La Buvette


After the terrifying storm that – I found out later tore down trees and flipped a truck over just behind us – a nice break was in order.
Over the years, Omaha has given a successful facelift to its downtown, bringing in many shops and restaurants. In the summer, as in any city that experiences cold winters, the locals enjoy the warmer weather and with genuine abandon appreciate the sun. They flood the terraces at the Old Market district restaurants.
My kids were tired and after the scary storm decided to order room service. Two parents and two teens in a car all day long is a lot of family fun, however a tête à tête is always nice.
My husband and I headed downtown and found a table at La Buvette, a bistro that could easily fit anywhere in France.
Buvette comes from the French verb boire (to drink). It is by extension a place where one can drink, buy alcohol and food and eat a little something.
At La Buvette, a lovely terrace with small tables covered with white linen table clothes opens onto the lively street. Inside, a counter wraps around the dining tables. Some customers stopped by to purchase a bottle of wine or beer, some cookies, or deli. Others grabbed their own bottle of wine among the hundreds that line the walls, making it a real cellar. Wine is otherwise served by the glass.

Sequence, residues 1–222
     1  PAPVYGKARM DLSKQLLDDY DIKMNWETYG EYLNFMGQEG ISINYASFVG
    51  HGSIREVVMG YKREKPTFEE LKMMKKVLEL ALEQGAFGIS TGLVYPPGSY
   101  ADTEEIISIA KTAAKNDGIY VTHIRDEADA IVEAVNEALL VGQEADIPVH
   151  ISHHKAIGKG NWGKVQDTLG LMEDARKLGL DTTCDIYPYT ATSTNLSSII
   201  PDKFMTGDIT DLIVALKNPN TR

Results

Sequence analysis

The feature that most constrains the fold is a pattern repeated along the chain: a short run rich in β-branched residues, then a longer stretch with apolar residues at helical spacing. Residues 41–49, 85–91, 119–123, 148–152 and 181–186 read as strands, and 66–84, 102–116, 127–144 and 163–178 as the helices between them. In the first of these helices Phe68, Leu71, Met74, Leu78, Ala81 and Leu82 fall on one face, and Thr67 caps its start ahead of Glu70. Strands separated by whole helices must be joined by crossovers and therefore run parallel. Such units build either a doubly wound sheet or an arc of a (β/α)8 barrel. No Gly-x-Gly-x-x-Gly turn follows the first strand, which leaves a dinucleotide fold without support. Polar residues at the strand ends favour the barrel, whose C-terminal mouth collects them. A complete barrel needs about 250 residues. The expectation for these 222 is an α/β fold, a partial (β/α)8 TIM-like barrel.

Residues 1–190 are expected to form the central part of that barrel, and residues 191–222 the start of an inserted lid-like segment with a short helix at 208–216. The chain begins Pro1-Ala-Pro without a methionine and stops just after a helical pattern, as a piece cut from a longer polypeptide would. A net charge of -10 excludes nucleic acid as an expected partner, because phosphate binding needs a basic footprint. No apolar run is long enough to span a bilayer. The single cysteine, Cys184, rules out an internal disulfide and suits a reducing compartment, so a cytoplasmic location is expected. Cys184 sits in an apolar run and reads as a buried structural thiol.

Dining at La Buvette isn’t much different from dining in a library. In my opinion, a cellar and a library room provide an equally stimulating and inspiring setting.
Between the impressive list of wines coming from most French regions (I especially enjoyed that they carry little known French wines), from California, South America and Australia, the food such as the confit of duck, the French cheese plate, the excellent bread and the delicious melon, grapefruit and basil sorbet, La Buvette is a cozy, no frill and yet urban restaurant where I will certainly return if my travels bring me back to Omaha again.
Only false notes: although our waiter was friendly and professional, service was a little too slow and some of the entrees and desserts were already sold out early in the evening.
I suppose this is the price of success.
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